Back in Black
Considered a ‘non-colour’, black has always been a contentious issue in painting, yet contemporary painters continue to make new and exciting uses of black in their work. As today’s painters explore new approaches in the use of black, we look at the history of black in western painting and discover why black is not always black.
Exhibiting a series of monochrome paintings within traditional genres such as still-life and interiors (Painting Now, Tate Britain until 9th of February), Gillian Carnegie’s technique shifts between an expressive impasto and flat colour. Most startling is her palette of greys and blacks; Section, 2012 is one of a series of flower paintings and where there should be colour, it is absent. By using a monochrome palette she avoids being labelled with a style or technique and challenges the expectations of the viewer, leaving them to wonder if her paintings are old-fashioned or ultra-modern.
|Gillian Carnegie, Section, 2012, oil on canvas
Courtesy the artist and Galerie Gisela Capitain, Cologne.
© Gillian Carnegie Photo: Lothar Schnepf, courtesy Galerie Gisela Capitain, Cologne
Recent graduates of Goldsmiths College, Mr and Mrs Philip Cath unusually work as a couple to construct narrative paintings with balloon figure protagonists. To avoid creating a ‘theatrical’ staged effect with a visible depth of field, they put the action against a luscious black field which has the effect of an ‘abyss’ in their compositions. For them, ‘…black is polarising, judgmental, absolute.’
Working exclusively in black since 1979, French abstract painter Pierre Soulages lays on thick layers of paint then uses a range of tools to create smooth and rough textures that absorb or reject light, modulating the uniformity of the black. May 2014 will see a purpose built museum dedicated to his work opening in his hometown of Rodez, France.
|Mr and Mrs Philip Cath, Massacre, 2013, oil on linen
Courtesy the artists
Used since the beginning of time, palaeolithic artists mixed powdered charcoal with spittle or animal fat to fix the pigment to the wall, to create images of bulls and other animals on cave walls. By heating wood with very little oxygen, early artists created a carbon residue which formed charcoal. In time more vivid black pigments were made from burning bones or grinding a powder of manganese oxide.
A Brief History of Black in Western painting
In ancient Greece black features as one of the four primary colours of the classical palette. The Roman philosopher Pliny claims that Greek painters used only white, red, yellow and black (note the absence of blue) actually forming a very similar palette to ancient man. In the late Renaissance this palette re-emerged in the treatment of light and shade in the works of Caravaggio, Rembrandt and was also evident in Spanish painting from the 16th and 17th centuries.
Many painters now choose to create ‘chromatic’ blacks through colour mixes without the use of black.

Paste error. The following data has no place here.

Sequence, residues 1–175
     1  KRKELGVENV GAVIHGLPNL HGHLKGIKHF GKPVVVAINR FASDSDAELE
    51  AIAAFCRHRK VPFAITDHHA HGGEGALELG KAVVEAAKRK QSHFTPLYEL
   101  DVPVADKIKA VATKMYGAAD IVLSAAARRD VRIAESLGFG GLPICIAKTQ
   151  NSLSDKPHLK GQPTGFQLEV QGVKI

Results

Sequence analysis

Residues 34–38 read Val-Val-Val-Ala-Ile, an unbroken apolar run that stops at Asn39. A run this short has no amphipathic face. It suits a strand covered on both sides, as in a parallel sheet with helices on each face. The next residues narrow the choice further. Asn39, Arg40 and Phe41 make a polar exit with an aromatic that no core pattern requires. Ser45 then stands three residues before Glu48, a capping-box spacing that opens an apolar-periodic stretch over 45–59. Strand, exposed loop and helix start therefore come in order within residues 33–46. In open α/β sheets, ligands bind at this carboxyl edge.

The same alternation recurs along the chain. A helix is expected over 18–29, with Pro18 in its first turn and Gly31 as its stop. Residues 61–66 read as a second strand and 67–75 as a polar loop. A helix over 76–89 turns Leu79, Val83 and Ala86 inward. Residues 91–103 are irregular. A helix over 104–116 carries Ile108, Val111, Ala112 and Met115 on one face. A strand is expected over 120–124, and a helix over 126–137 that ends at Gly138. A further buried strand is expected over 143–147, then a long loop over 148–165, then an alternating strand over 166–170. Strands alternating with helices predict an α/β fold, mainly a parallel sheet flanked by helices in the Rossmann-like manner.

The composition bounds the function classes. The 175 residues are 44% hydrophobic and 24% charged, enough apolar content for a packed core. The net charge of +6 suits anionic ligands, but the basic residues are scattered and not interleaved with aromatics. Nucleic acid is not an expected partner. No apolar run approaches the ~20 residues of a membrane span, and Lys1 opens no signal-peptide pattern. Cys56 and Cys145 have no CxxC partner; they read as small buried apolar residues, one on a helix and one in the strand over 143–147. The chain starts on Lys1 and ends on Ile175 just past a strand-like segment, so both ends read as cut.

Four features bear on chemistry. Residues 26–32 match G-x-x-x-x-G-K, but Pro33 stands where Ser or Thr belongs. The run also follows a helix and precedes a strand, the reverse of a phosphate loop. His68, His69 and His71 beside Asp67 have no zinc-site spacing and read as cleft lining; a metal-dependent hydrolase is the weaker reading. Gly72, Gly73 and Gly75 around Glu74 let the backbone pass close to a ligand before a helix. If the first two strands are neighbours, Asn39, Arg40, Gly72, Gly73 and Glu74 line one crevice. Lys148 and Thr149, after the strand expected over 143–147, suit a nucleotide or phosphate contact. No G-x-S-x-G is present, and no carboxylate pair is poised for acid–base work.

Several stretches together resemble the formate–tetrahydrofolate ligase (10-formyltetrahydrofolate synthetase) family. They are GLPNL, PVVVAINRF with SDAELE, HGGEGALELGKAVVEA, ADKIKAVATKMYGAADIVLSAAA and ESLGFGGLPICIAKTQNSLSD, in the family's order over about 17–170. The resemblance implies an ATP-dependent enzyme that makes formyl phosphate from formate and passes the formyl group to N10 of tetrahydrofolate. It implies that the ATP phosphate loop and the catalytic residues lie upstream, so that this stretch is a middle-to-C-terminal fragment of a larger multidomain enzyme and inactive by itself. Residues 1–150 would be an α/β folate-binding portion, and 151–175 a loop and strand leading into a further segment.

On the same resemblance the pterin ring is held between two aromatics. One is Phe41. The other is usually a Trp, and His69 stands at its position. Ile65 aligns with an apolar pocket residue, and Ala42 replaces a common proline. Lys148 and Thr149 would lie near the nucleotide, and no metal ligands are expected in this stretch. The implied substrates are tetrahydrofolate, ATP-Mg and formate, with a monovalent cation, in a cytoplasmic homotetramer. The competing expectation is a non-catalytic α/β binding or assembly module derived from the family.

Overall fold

Winsor & Newton Artists’ Oil Colours offer a range of blacks each with their own special qualities:
Perylene Black. Introduced within the last ten years, this is the first permanent black for thousands of years. A strong black with a green undertone, it is so green that in watercolour and acrylic it is called Perylene Green. It can be used straight from the tube as black or is good for green and blue mixtures and tweaking complementaries.
Lamp Black. A pure carbon, made from the residual soot when burning oil, its name comes from the practice of making it with oil lamps. It is a fluffy, fine pigment which has a bluish tint and produces a wide selection of slightly cool and blue greys. Slow drying, it should not be used extensively as an under-painting layer for oil paints.
Ivory Black. An inorganic synthetic black made from carbon black and Calcium Phosphate, in Roman times the best grades of Bone black were burnt ivory. A very slow drier in oil, it should never be used in under painting.
Mars black. An inorganic synthetic iron oxide, Mars Black is more opaque and less toxic than other black pigments. Developed in the early 20th century, it is dense and opaque with a warmish brown undertone.
The new black?
The Impressionists would argue that black doesn’t exist in Nature, but contemporary painting no longer depends on observation of Nature alone. Gillian Carnegie’s paintings evoke black and white photography, a crucial part of what forms a certain generation’s memories. Mr and Mrs Philip Cath call up historical references, ‘In an era in which anything goes; we've always secretly admired the furious moral certainty of the English Puritans, for whom the colour black had an austere and dogmatic purpose.’ Pierre Soulages is famous for switching direction halfway through his career to emphasise how light is reflected from the colour black - a formal concept he calls ‘ultra-black.’ Black is so much more than the absence of light.